Senator Tom Cotton objected to Durbin's request
WASHINGTON – U.S. Senate Majority Whip Dick Durbin (D-IL), Chair of the Senate Judiciary Committee, today on the Senate floor requested unanimous consent (UC) to pass bipartisan legislation to expand the jurisdiction of the Department of Justice’s (DOJ) Office of the Inspector General to include alleged DOJ attorney misconduct. Currently, the DOJ Inspector General (IG) has no authority to investigate professional misconduct by DOJ lawyers. DOJ is the only agency whose IG has such a jurisdictional carve-out. The bipartisan Inspector General Access Act would simply strike this loophole, which leads to an unfair double standard where every DOJ employee – including FBI and DEA agents, U.S. Marshals, and federal prison guards – can be investigated by the DOJ IG except DOJ lawyers. Last Congress, the legislation was reported out of the Senate Judiciary Committee on a 21-1 vote. Companion legislation passed the House of Representatives unanimously in 2019, and it passed the House again earlier this year.
Senator Mike Lee (R-UT), the lead sponsor of the legislation with Durbin, and Senator Chuck Grassley (R-IA), Ranking Member of the Senate Judiciary Committee, joined Durbin in making the request. Senator Tom Cotton (R-OK) objected to the request.
“In 1988, Congress created several new Inspectors General, including an Inspector General for the Department of Justice. The IG oversees Justice Department’s components ranging from the FBI to the Federal Bureau of Prisons to the Drug Enforcement Administration. But there is a problem. There is a loophole. There is one clear omission when it comes to the authority of Inspectors General. Listen, the Justice Department Inspector General cannot investigate professional misconduct by Justice Department lawyers,” Durbin said. “For years, literally decades, and across administrations, other Senators before us, and Senator Lee and myself now, have worked to close the lawyer loophole with our Inspector General Access Act… No Attorney General from either political party should be insulated from independent scrutiny by the Inspector General, and no Attorney General should have veto power over the Inspector General’s authority to investigate Department of Justice attorneys, whether that Attorney General is a Democrat or a Republican.”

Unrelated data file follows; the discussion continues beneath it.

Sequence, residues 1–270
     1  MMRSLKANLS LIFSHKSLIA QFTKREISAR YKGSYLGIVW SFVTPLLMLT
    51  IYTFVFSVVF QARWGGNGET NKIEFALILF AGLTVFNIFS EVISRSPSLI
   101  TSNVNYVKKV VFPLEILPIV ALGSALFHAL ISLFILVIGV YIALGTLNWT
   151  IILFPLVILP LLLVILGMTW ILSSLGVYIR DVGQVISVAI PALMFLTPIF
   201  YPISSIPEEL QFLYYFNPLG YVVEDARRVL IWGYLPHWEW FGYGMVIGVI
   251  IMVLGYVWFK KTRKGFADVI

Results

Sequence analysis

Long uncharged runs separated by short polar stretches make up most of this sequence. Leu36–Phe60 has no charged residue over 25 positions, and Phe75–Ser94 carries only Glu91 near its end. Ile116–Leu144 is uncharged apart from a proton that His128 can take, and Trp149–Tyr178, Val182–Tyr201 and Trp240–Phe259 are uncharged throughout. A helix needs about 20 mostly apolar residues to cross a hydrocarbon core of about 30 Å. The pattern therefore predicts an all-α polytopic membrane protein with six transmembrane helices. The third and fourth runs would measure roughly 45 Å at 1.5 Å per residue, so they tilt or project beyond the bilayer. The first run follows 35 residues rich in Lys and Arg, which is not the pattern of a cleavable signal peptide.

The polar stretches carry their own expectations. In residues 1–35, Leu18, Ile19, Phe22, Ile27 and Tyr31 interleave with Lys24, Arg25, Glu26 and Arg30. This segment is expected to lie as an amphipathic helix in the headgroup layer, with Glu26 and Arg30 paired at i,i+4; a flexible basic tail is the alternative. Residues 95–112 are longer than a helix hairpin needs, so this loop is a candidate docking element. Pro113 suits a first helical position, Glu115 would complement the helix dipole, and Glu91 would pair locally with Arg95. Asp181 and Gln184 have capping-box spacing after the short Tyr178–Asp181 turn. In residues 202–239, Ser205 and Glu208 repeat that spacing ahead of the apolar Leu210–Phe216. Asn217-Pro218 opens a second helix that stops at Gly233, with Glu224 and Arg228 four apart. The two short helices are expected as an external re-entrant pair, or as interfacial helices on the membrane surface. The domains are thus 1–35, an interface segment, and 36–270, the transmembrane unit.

After Cotton objected to Durbin’s request, Durbin stated, “I’m disappointed by the objection by the Senator of Arkansas. This has overwhelming bipartisan support in the House and in the Senate. We had an opportunity to make history today, and we’ve missed that opportunity for the moment… We’ll return to this. I’m glad to have the bipartisan support of Senators Lee and Grassley… I believe that if we are going to apply this standard of IG responsibility for lawyers’ activity across federal government, there’s no reason to make an exception for the Department of Justice.”
Video of Durbin’s remarks on the Senate floor is available here.
Audio of Durbin’s remarks on the Senate floor is available here.
Footage of Durbin’s remarks on the Senate floor is available here for TV Stations.